A father and son were involved in a car accident in which the father was killed and the son seriously injured. The father was pronounced dead at the scene of the accident and his body taken to the local morgue. The son was taken by ambulance to a nearby hospital and immediately wheeled into an emergency room. A surgeon was called. Upon arrival, and seeing the patient, the attending surgeon exclaimed, “Oh my God, it’s my son!”.
The question of course is, who is the surgeon?
40% of the population fail to resolve the fact that the surgeon is the boy’s mother. Why? The reason is simple: when they picture the surgeon they automatically picture a man. The simple explanation, based on a perception people are not even conscious of, is just the surface of a complex labyrinth of underground biases (in this case gender bias) that go along with the meal ticket of the human condition. Yes indeed, we all have them.
Did you get it first time around?
Conscious or Unconscious?
The formation of a government here may have been both tedious and interminable but at least it was fought out on the battleground of political biases that were spoken, manifest and out there (even if it did include water charges and turf-cutting!). The truth is that many of our daily disputes, decisions and judgements – those that are shaping our future – are based on biases we carry that we are wholly unaware of. Unconscious biases are a fact of life and countless studies since the 1980s confirm that people harbour unconscious bias even when they explicitly believe that prejudice and discrimination are wrong.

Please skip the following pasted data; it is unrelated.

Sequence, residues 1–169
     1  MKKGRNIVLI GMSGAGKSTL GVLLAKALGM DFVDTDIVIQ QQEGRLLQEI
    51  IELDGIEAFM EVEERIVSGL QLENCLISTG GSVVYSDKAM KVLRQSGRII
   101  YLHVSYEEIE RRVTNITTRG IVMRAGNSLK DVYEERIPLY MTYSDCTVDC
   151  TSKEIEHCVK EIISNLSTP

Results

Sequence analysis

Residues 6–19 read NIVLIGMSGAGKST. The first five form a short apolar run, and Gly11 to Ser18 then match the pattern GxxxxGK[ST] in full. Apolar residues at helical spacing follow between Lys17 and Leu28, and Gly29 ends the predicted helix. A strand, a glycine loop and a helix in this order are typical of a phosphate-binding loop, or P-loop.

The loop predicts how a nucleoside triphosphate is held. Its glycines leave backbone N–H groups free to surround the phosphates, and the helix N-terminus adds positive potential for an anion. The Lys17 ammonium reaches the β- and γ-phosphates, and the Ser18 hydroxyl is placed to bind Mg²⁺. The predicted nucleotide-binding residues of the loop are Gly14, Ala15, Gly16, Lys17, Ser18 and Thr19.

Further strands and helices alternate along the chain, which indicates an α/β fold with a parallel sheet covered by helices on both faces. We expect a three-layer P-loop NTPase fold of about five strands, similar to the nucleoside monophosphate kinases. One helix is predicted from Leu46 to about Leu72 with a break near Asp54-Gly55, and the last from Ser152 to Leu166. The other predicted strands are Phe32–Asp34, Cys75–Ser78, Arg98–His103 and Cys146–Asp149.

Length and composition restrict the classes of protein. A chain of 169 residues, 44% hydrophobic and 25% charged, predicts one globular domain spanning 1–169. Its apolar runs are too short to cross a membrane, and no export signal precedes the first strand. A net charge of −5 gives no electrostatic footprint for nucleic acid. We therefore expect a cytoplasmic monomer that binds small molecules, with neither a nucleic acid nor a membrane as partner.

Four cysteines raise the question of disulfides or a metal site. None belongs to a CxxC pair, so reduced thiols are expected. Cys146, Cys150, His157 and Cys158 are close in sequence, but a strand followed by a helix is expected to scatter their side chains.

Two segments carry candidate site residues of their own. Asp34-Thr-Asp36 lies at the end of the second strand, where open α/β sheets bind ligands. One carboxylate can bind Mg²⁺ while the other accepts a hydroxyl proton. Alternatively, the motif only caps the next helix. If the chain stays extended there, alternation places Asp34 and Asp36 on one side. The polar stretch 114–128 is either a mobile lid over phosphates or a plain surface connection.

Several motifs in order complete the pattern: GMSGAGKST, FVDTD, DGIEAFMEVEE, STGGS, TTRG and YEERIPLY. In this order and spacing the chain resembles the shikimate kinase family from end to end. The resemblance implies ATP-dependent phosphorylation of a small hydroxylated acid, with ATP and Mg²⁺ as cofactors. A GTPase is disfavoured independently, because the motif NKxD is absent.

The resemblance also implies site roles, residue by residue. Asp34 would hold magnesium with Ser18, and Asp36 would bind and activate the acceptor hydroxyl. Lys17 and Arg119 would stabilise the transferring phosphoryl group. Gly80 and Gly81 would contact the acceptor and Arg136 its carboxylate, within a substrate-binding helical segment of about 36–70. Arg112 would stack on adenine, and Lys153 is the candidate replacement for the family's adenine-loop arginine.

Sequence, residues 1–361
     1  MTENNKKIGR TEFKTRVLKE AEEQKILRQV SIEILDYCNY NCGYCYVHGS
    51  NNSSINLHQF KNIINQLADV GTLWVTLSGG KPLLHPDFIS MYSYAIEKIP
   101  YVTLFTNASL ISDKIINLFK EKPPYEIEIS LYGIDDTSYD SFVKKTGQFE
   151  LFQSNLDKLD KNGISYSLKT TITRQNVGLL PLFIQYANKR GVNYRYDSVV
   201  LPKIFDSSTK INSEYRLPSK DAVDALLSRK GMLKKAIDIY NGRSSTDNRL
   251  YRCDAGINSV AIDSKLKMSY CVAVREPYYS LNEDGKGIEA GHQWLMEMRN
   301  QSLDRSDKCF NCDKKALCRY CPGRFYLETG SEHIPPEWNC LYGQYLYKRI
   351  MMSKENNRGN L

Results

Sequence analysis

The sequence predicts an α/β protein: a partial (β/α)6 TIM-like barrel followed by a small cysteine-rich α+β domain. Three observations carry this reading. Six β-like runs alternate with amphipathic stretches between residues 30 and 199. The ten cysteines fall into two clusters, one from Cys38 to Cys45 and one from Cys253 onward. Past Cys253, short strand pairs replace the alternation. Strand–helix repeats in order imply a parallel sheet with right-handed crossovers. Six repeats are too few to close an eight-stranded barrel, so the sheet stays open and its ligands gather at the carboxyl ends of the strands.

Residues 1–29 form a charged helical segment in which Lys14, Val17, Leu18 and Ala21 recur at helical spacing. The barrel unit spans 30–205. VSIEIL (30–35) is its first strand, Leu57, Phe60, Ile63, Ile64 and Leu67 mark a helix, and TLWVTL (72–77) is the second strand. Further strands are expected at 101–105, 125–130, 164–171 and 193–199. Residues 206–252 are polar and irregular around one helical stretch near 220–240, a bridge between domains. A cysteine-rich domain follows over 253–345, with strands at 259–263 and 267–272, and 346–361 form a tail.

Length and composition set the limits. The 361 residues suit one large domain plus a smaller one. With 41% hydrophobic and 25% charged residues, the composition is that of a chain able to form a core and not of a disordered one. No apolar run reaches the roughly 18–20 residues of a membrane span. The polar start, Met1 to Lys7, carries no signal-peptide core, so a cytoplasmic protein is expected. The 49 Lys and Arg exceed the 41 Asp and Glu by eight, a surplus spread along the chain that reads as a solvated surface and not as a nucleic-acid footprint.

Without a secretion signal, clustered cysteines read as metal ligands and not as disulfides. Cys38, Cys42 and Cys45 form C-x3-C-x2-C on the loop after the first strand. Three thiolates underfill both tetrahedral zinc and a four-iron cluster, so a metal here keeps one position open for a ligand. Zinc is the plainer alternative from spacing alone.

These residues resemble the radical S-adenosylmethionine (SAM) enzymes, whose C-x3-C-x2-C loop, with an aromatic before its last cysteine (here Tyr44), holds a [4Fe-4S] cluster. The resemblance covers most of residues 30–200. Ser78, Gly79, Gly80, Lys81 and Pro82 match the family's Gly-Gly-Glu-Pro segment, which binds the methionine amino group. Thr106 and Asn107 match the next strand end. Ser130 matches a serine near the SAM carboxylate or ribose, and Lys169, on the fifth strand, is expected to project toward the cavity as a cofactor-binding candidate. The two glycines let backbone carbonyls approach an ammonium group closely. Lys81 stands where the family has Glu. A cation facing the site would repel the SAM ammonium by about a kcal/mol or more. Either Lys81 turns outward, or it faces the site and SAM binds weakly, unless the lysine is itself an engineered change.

Research has unearthed as many as 150 types of unconscious prejudice which makes the task of tackling them all the more daunting. However, make no mistake, unconscious bias is a powerful force in business as it silently influences strategy, hiring, promotion, work allocation, performance reviews and organisation culture. Those biases can occur around gender, age, skin colour, height, weight, education, accent, marital or parental status and these represent just some of the more obvious ones. Digging deeper you discover that if you can name it there’s probably an unconscious bias around it.
When world-famous violinist Joshua Bell posed as a busker at L’Enfant Plaza in Washington during rush-hour he managed to collect $32.19 in a solo performance that lasted 43 minutes and was heard by over 1000 people. Yet just three days previously he had sold out Boston’s Symphony Hall at over $100 a ticket. Is this a commentary on our unconscious bias towards street musicians or did people simply not like the music? Either way, how many talented people have been rejected by organisations owing to the unconscious prejudices of the interviewers?
Unconscious bias silently influences hiring